According to the AGT website, “Joe Matarese was a stand-up comedian act from Season 9 of America’s Got Talent. He was eliminated during Judgment Week. Joe’s completely autobiographical act pokes fun at his subtly dysfunctional Italian family, his own neuroses, life with a five-year-old, and a baby daughter, and his marriage to a psychologist (his perfect match).”

Matarese’s audition in Episode 906 consisted of joking about topics such as signs of feeling old, pretending to care as a dad, and easily having a good time when away from his kids. Howard Stern, Heidi Klum, Mel B, and Howie Mandel all voted “Yes,” sending Joe to Judgment Week. After his performance, his kids (ages 6 and 1) joined him on stage to hug and congratulate him.

“Doing that show was a lot of fun,” said Matarese. “When I did ‘America’s Got Talent,’ I had little kids recognizing me.”

Matarese has been a guest on The Howard Stern Show, WTF with Marc Maron, and Chelsea Lately, had his very own Comedy Central Presents half-hour special, and currently has two one-hour specials on Amazon Prime – “Medicated” and “The Poster’s Wrong.”

He has recorded seven standup albums that are currently in rotation on SiriusXM, including “Quiet Please,” “Fixing Joe,” “Disconnected,” “When A Comedian Attacks,” “Medicated,” “The Poster’s Wrong” and “Completely Present.”

The veteran comic performed in front of 18,000 people at the Wells Fargo Center alongside Bill Burr and Sebastian Maniscalco, as well as with Artie Lange at NYC’s Carnegie Hall. New audiences are currently discovering his comedy on Tik Tok.

If you attend Matarese’s show Sunday at the Sellersville Theater, you’ll be treated to a sneak preview of “Mullets and Mixtapes.” And, despite what Matarese says, you’ll be allowed into the show even if you’re under 40 or over 60.

Video link for Joe Matarese — https://youtu.be/iZO-GXJxO5I.

The show will also feature Justin Gonzalez and Maureen Ferguson.

Gonzalez, who is the glue that holds it all together, is a stand-up comedian and magician. He is also an independent musician based in Philadelphia who travels throughout the Tri-State area and beyond.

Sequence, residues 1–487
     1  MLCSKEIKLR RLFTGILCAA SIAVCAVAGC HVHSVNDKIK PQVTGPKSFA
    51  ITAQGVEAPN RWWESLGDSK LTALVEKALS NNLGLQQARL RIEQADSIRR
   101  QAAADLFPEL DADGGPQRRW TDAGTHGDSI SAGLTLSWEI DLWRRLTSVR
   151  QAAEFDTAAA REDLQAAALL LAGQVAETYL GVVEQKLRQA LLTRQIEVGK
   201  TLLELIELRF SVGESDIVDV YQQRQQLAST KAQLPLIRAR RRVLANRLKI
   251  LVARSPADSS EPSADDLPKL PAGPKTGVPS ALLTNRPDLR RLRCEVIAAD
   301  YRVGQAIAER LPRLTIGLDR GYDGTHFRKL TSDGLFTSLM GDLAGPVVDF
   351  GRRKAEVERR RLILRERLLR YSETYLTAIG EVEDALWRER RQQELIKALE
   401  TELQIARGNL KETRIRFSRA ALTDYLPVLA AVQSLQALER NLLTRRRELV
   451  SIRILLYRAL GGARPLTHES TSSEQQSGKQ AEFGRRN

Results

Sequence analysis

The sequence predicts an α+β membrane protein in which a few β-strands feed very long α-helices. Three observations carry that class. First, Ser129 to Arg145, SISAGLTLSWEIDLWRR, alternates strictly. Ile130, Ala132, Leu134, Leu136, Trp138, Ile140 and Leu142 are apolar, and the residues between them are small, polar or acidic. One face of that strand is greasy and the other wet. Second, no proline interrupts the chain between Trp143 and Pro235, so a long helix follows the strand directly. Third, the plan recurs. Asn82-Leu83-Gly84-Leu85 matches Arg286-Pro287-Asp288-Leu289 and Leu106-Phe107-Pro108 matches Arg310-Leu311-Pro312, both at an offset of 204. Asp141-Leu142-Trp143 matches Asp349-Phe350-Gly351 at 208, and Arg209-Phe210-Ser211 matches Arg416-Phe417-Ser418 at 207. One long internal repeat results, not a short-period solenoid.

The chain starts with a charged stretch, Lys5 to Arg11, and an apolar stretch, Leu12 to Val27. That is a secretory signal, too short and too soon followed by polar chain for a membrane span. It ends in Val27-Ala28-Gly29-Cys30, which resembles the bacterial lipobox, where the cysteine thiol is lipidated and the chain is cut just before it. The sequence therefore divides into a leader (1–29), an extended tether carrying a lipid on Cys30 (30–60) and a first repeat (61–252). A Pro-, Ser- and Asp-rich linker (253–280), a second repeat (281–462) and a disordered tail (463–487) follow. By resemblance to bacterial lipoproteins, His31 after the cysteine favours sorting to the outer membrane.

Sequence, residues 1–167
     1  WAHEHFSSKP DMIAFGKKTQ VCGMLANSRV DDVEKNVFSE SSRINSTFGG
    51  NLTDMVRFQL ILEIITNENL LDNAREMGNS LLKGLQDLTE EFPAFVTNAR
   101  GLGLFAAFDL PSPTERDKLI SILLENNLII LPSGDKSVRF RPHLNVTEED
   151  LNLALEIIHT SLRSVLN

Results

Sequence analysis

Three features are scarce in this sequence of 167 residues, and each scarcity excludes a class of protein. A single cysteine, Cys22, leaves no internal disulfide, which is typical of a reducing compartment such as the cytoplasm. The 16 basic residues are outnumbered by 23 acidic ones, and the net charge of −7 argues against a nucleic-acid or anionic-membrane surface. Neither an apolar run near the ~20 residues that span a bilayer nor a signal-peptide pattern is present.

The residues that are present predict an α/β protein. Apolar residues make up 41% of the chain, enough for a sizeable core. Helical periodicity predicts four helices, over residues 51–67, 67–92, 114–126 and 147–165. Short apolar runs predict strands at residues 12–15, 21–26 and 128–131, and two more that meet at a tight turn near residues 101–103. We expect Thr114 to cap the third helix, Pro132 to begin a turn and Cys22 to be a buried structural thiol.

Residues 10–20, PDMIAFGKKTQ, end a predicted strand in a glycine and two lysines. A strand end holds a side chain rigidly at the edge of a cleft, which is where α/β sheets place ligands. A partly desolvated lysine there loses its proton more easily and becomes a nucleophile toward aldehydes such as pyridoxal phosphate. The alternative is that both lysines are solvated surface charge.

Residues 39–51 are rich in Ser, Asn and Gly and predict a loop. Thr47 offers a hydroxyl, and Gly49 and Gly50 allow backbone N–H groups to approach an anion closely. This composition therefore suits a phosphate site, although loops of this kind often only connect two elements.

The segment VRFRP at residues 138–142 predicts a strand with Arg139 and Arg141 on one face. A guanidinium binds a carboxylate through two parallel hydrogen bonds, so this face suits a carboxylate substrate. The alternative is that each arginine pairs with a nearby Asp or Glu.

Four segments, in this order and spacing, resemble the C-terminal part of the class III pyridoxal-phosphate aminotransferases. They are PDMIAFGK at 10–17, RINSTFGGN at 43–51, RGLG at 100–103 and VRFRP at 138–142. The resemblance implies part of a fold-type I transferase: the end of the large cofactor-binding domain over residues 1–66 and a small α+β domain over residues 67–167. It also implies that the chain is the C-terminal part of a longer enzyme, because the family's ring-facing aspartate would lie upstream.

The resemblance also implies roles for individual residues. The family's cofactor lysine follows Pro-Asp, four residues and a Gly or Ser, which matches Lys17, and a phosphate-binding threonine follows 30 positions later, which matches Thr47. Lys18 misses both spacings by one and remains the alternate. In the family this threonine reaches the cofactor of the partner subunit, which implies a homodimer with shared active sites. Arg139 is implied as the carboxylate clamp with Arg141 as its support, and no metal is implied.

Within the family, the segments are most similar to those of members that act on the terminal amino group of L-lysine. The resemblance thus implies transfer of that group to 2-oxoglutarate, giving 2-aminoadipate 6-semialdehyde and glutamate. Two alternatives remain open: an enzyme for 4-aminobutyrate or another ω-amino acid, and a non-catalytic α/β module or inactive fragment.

Gonzalez, who began performing professionally at the age of 11, now performs with a repertoire that includes classical, big band, Broadway and opera. Most recently, he added a new genre when he assumed the role of lead vocalist for “33 1/3 LIVE’s Killer Queen Experience.”

“I’m originally from Northeast Philly,” said Gonzalez. “I went to school in South Philly at GAMP.”

The Girard Academic Music Program (GAMP) is a college preparatory school for students in grades 5 through 12 that provides a unique educational environment, focusing on college and career readiness, while allowing all students to pursue music as a major subject.

“I was at GAMP for eight years,” said Gonzalez. “I studied voice and instruments starting with lower brass. Voice was a large chunk of it. I got my first professional performance in Europe.”

At the age of 13, Gonzalez was asked to join a chorus as a soloist on its two-week tour of Germany and France. On that trip, he had the opportunity to perform in many castles, mansions, and historic houses of worship. The most memorable moment for him was singing in the Cathedral Notre Dame in Paris, France.

“It was amazing,” said Gonzalez. “I was 13 and I was singing at the Cathedral Notre Dame. I was just a poor Puerto Rican kid from North Philly, and I was singing in places like a castle in Germany and a cathedral in Berlin.”

After years of laying the groundwork for a promising career as an opera singer, Gonzalez was diagnosed at the age of 18 with Multiple Sclerosis, an autoimmune disease. One of the symptoms of MS is memory loss. His opera career was over just as quickly as it began.

“It affected my brain’s ability to memorize,” said Gonzalez. “I still sing classically at venues around the East Coast and on Broadway.”

Today, 20 years since that first tour, Gonzalez is still a sought-after classical music soloist. He is also a practitioner of the American Song Book and the music of Broadway. He uses all of this music to entertain, educate, and share his story.

“I also have several music projects,” said Gonzalez. “There is the Little Big Band Lounge Revival, which does lounge and popular standards along with classic love songs, and the Justin Gonzalez Jazz Trio, which is a pop trio that uses classical instruments. There is also ‘33 1/3 LIVE’s Killer Queen Experience.’”

The comedy aspect is the most recent.